“If you don’t know a lot about Worcester, then you probably don’t know a lot about Fall River, New Bedford, Lawrence, Lowell and God forbid, Springfield, Pittsfield and Holyoke,” Murray says, noting that he plans to be a strong spokesman on Beacon Hill for these cities. “If we are going to turn this state around, and finally head in the right direction to stem population and job loss, then we have to recognize that there is a whole world beyond the Route 128 loop, and that state government needs to listen to it, respond to it and invest in it!”
To buttress this point, there’s a framed cartoon in Murray’s office that the librarian of the Worcester Public Library gave him after his election. It reads, “In an unconfirmed report, human life is believed to exist beyond Route 128. Details at 11! News 13 Boston.”
Murray is such a lunch pail homey, in fact, that Gov. Patrick recently teased him about all the Worcester paintings and memorabilia on the pale yellow walls. “You’re not the mayor of Worcester anymore; you have to get some more paintings of Boston.”
The independent-minded Murray still isn’t biting. A Boston-related painting on the wall that is scheduled to go is a large oil portrait of Boston Brahmin Leverett A. Saltonstall, governor of Massachusetts from 1939-45 and U.S. Senator from 1945-67. “I’m moving him out,” declares Murray. “I’m replacing him with Levi Lincoln.”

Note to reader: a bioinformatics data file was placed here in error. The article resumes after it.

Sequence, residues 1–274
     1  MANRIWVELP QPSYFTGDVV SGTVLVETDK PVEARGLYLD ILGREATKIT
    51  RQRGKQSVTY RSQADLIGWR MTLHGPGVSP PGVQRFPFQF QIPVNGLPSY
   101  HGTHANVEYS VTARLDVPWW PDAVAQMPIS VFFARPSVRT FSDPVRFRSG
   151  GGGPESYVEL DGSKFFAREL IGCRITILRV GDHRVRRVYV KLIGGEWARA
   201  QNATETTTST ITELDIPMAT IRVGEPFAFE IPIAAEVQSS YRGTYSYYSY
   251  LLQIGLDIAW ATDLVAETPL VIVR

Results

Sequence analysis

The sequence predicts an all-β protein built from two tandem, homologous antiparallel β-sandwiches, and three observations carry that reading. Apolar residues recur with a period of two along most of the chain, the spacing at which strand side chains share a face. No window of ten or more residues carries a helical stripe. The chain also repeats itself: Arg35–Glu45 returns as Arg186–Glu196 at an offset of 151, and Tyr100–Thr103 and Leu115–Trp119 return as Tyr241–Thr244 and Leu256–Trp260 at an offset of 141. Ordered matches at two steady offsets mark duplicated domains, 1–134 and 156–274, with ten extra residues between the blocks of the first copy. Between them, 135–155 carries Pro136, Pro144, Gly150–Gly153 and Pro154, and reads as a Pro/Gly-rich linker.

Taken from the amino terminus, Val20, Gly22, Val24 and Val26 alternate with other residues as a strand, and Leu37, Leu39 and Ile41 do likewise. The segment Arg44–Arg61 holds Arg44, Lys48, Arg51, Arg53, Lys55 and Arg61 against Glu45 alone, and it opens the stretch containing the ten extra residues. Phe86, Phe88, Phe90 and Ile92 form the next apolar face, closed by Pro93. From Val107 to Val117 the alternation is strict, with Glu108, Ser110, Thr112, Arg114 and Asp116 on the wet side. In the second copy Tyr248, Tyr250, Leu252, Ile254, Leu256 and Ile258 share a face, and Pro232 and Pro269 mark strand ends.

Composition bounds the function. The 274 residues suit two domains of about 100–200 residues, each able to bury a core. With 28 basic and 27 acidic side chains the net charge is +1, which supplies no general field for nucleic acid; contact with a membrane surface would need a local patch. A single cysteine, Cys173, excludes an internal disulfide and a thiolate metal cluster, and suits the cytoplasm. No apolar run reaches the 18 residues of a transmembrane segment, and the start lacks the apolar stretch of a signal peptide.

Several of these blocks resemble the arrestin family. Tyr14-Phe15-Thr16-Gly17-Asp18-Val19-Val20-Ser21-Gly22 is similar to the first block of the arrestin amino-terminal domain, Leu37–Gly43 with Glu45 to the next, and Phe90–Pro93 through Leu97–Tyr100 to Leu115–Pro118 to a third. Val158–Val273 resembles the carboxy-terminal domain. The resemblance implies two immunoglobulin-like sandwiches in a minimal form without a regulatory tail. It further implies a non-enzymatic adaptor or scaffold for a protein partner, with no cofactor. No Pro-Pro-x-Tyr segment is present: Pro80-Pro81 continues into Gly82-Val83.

For those who live east of the Route 128 loop, and don’t know better, Levi Lincoln, Jr. was mayor of Worceser, served nine years as Massachusetts’s governor, seven years in Congress, and was a distant relative of Abraham Lincoln. He died in 1868. His father, Levi Lincoln, Sr., also served on Congress and briefly as governor, and his brother Enoch was governor of Maine, serving simultaneously with his sibling. The only other such examples in history are Nelson and Winthrop Rockefeller, who served as governors of New York and Arkansas respectively in the 1960s and George and Jeb Bush from 1999 to 2000, serving in Texas and Florida.
So much for the second city shtick. All politics is local.
And so Murray plans to commute most days from Worcester where he lives in a working class neighborhood with his wife, Tammy, an occupational therapist, and their cherubic two-year-old adopted Guatemalan daughter, Helen. He hopes to bring home the bacon to the western part of the state more than predecessors former Gov. Mitt Romney and former Lt. Governor Kerry Healey, a striking contrast to Murray with her more affluent style.
“There was much frustration in municipal corners of the state in dealing with the Romney Administration,” he says, seated at an uncluttered conference table that in weeks will be spilling over with reports and various documents. “There was an unwillingness to communicate with the mayors, a sense that we worked for the governor.” When budget cuts caused layoffs and closed schools, he says, “Romney wouldn’t meet with us. Healey made an effort, but she didn’t have the ability to deliver. It was meaningless. They cut our aide, and gave us no opportunity to mitigate the cuts. I was an advocate of local option taxes to kept schools open and people at work. But we had no alternatives.”
One alternative, Murray concluded, was to run for lieutenant governor, with the support of other mayors. “I think this new administration can do far better.”